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'Digital Divide' Causes Frustrations For Some MN Families Navigating Distance Learning

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MINNEAPOLIS (WCCO) -- Frustration is growing for some parents as they try to navigate the world of distance learning.

For some, the digital divide is keeping their kids from accessing the tools needed to complete their assignments at home.

"I let them know I haven't gotten a device yet they told me to fill out the survey I had already filled out the survey online so I went and did another survey," mother Lashanna Bills said.

Bills has been trying for weeks to get her son, who is a freshman, some sort of device from the district so he can do his school work. But she hasn't received a response yet.

"He's been checking into classes making sure he's getting his attendance taken and he is trying to complete something on his phone," Bill said.

Bills and others parents say there is a trend in low income areas where students don't have access to computers or Wi-Fi.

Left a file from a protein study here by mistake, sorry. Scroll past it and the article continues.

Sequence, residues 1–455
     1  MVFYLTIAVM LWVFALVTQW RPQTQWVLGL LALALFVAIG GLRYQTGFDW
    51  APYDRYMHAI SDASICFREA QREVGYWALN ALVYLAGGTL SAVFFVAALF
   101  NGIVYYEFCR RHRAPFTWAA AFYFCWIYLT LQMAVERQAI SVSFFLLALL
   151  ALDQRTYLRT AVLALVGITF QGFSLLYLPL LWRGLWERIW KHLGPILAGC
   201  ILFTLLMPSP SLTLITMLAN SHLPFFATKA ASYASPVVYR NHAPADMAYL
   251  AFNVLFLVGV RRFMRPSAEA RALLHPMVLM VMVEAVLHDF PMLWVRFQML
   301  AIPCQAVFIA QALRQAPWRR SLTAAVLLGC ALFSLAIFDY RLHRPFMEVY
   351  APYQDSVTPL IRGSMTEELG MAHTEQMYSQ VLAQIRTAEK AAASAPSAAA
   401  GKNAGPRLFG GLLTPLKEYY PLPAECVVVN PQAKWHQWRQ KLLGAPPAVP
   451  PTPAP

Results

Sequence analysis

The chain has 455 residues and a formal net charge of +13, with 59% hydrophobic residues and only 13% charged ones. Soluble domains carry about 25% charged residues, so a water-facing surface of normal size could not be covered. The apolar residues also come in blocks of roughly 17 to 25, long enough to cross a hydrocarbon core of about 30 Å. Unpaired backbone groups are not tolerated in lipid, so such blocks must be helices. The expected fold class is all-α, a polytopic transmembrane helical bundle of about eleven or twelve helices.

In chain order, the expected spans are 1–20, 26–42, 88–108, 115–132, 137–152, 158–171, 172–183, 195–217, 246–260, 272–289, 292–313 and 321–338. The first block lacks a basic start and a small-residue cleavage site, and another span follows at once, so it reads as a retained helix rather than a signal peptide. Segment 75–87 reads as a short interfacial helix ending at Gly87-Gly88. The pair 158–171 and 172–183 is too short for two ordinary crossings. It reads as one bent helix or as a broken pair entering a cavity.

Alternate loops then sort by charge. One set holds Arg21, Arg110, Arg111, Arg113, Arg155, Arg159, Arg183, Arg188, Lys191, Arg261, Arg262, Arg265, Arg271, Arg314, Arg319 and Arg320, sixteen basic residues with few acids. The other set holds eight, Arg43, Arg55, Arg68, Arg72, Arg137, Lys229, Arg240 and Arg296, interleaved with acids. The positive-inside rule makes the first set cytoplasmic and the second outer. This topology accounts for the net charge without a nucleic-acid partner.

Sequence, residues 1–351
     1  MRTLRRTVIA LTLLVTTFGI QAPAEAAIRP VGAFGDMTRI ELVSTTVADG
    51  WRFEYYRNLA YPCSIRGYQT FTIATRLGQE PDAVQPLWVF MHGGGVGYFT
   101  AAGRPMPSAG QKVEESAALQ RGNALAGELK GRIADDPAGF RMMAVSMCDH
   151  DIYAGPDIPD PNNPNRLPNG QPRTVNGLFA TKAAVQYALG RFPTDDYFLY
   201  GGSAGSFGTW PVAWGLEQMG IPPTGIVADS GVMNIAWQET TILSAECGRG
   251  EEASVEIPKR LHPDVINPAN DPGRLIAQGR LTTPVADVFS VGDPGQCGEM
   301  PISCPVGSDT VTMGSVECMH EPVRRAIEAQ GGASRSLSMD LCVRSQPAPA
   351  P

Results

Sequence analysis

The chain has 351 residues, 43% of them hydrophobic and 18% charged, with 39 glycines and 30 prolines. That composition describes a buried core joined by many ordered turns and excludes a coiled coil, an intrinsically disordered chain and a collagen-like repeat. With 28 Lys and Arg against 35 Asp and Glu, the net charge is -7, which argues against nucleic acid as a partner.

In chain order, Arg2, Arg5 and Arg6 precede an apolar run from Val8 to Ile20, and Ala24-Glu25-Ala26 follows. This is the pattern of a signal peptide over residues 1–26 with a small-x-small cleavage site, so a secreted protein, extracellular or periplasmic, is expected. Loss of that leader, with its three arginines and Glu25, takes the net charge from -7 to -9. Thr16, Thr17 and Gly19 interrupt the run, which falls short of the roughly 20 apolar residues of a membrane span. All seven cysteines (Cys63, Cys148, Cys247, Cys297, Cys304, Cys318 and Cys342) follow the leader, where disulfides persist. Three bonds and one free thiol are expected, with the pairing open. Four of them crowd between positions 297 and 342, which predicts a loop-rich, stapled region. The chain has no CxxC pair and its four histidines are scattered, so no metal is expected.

Minneapolis School Board member Kerry Jo Felder says the digital divide is bigger than we think it is -- but it all boils down to funding.

"Just because of the lack of funding that we've been supplying to our schools for many many years and Minneapolis really carrying the brunt of it," Felder said.

Felder says this digital divide comes from years of underfunding education in Minnesota.

"If we had been fully funding our schools that would have been an extra $54 million we would have had that we could have used to utilize for computers for every child to have," Felder said.

Minneapolis Public Schools says more than 2,700 students are still waiting for delivery of a device and more than 3,600 have no access to Wi-Fi.

Bills and other parents believe more than 40% of black and brown students have no device or Wi-Fi, creating a bigger divide for a district already dealing with huge disparities.

Other school board members say this is a state issue because the state ordered distance learning.

Work will continue to get more money from the legislature to provide all students, urban and rural, with access to computers and Wi-Fi.

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